The genetic machinery is hypothesized to have emerged in seven stages (Fig. 5). Protocells, a suitable starting point for the origin of life (Morowitz et al., 1988), are assumed to have been stabilized by membrane lipid phosphorylation by pF1 in stage 1. There are many protocell candidates, some composed of lipids or material found in meteorites (Mautner et al., 1995, Dworkin et al., 2001, Hanczyc et al., 2003 and Chen et al., 2004). In stage 2, a proposed early pF1 synthesized by thermosynthesis a library of proteins of which a tiny fraction had multiple substrate condensing ability. In this way, pF1 propagated functionally, making daughters with similar capability but not necessarily identical composition. Such compositional replication is implausible for proteins (Orgel, 1987): a few small proteins cannot be expected to recognize and copy during peptide bond synthesis the many possible different combinations of amino acid residues. Random synthesis of a specific long protein sequence is also implausible (Orgel, 1987). The pF1 protein must have had a short motif sequence that is frequent in a long random sequence. The amino acid residue motif contained only a dehydration pocket and glycine hinges that enabled a lobe to cover a substrate in the dehydrated pocket. The lobe resembled the lobe of ATP-using enzymes that consist of the G(X)4KT/S(X)6I/V motif (Walker et al., 1982).

The NTPs generated in stage 3 of the mode were used for RNA synthesis (Joyce and Orgel, 1993). The self-replicating RNA-replicase of stage 4 is the key theoretical entity of the RNA World. A version that can replicate up to 14 nt has been found (Johnston et al., 2001). It is assumed that RNA replication resembled the DNA amplification by PCR demonstrated in a convection cell (Krishnan et al., 2002). RNA that enhanced the synthesis rate of pF1 was selected.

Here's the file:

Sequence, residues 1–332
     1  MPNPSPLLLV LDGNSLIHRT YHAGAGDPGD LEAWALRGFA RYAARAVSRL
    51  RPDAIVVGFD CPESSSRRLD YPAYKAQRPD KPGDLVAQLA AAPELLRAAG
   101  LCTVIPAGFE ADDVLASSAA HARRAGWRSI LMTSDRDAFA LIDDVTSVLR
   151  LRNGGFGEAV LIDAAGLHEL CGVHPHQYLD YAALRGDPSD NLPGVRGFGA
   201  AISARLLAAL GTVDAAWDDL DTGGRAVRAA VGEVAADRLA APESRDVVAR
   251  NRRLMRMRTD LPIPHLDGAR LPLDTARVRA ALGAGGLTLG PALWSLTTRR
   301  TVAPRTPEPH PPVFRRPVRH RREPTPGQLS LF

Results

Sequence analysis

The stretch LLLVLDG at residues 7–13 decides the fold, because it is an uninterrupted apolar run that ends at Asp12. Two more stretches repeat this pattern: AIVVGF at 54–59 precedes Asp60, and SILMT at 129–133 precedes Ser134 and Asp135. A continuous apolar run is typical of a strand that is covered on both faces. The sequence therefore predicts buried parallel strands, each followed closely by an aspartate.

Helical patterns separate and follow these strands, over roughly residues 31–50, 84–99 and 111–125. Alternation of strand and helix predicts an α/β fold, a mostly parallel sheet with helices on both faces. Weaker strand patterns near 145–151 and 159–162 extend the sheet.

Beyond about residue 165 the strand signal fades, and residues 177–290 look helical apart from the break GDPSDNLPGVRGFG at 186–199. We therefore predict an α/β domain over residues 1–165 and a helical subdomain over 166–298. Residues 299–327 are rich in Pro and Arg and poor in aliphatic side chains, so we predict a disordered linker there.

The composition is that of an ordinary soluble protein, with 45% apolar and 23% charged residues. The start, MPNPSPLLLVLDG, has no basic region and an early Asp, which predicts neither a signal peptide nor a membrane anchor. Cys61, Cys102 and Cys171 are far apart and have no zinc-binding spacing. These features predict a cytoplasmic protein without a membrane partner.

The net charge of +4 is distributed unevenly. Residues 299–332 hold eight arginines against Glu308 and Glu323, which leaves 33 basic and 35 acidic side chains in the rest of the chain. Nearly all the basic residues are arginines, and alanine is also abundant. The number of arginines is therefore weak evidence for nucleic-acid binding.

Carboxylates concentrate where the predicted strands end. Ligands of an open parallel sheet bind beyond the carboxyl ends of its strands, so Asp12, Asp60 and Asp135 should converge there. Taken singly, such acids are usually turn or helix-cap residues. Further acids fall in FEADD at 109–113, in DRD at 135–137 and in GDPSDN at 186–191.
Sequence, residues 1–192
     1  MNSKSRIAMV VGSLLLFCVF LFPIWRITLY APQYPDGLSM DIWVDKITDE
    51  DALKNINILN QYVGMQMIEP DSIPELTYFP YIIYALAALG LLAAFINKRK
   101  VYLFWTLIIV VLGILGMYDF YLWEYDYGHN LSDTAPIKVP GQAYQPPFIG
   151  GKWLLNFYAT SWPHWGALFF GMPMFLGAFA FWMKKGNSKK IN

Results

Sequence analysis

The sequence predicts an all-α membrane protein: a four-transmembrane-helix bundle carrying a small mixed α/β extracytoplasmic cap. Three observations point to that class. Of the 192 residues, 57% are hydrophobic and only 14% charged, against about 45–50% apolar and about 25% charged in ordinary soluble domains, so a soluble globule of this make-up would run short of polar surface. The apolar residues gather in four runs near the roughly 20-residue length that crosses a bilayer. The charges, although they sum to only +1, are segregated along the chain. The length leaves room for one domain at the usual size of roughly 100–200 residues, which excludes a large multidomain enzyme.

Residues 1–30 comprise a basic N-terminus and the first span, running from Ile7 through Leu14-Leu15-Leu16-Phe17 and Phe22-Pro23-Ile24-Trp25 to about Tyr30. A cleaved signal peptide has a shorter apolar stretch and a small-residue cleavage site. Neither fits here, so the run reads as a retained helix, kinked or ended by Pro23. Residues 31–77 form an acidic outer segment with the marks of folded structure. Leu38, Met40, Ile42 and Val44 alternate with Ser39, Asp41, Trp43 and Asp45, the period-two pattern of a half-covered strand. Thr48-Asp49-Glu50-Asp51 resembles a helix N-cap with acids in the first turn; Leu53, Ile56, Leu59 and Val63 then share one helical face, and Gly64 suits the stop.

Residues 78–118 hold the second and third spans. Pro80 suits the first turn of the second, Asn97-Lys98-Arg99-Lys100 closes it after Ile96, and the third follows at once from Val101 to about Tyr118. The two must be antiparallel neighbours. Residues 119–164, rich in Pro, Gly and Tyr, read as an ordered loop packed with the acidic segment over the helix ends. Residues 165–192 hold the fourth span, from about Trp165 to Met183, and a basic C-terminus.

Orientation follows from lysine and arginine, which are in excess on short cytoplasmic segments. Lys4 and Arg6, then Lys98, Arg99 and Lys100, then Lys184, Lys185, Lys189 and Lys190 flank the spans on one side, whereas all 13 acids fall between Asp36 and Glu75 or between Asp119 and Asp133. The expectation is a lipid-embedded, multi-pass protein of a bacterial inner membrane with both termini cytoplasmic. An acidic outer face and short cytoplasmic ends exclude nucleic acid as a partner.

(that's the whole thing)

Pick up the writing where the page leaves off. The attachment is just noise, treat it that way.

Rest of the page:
The emergence of ribozymes with aminoacylation ability constituted stage 5. Predicted already in 1958 (Crick, 1958), these ribozymes were found in the 1990s (Illangasekare et al., 1995, Illangasekare and Yarus, 1999, Yarus and Illangasekare, 1999, Lee et al., 2000, Schimmel and Kelley, 2000 and Saito et al., 2001). In stage 6 of the model, charged tRNAs increased the overall, still random, protein synthesis rate by their enhanced reactivity (Fig. 6a) that was catalysed by pF1 or ribozymes (Zhang and Cech, 1997); such ribozymes were progenitors of rRNA.

Other implications of thermosynthesis were discussed extensively previously (Muller, 1995). In addition, we refer to recent studies on nucleic acid polymerisation by convection (Krishnan et al., 2002, Braun et al., 2003, Braun and Libchaber, 2003 and Braun, 2004). We identify in pF1 a plausible component of the pre-RNA World (Orgel, 2003), describe this proposed pre-RNA World (Crick, 1993 and Dworkin et al., 2003) and illustrate how a protein could have supported the RNA World (Schuster, 1993) by yielding the free energy (Mehta, 1986 and Jeffares et al., 1998). We agree with the suggestion that only a few proteins were present during the emergence of the genetic code (Trevors and Abel, 2004).

Hey! Lookee! Your favorite real scientist! Leslie Orgel!

More pF1 research to come ...

Oh. Btw, Rob.

Percy writes:

Please don't feel the need to respond by quoting my text and highlighting the words "possible" and "may". Just remind yourself that science is tentative.

Ditto.


Rob 
Suspended Member (Idle past 4011 days)
Posts: 2297
Joined: 06-01-2006


Message 220 of 314 (419989)
09-05-2007 9:00 PM
Reply to: Message 218 by molbiogirl
09-05-2007 2:55 PM


Re: Behe's Balderdash II
molbiogirl:
AMP = Adenosine Mono Phosphate

That means (pay close attention now) Adenine + Ribose + Phosphate

Behe is talking about the synthesis of AMP, not just the synthesis of adenine. My earlier cite (re: aqueous solution) stands.

No it doesn't... and I'll be answering that other reply shorlty...

Adenine + Ribose + Phosphate = AMP

Where'd you get the adenine? That comes in my next response...


This message is a reply to:
 Message 218 by molbiogirl, posted 09-05-2007 2:55 PM molbiogirl has not yet responded

  
Rob 
Suspended Member (Idle past 4011 days)
Posts: 2297
Joined: 06-01-2006


Message 221 of 314 (419992)
09-05-2007 9:05 PM
Reply to: Message 217 by molbiogirl
09-05-2007 11:17 AM


Re: Behe's Balderdash II
Molbiogirl:
Prebiotic Adenine Revisited: Eutectics and Photochemistry, Leslie Orgel, Origins of Life and Evolution of Biospheres, Volume 34, Number 4, August, 2004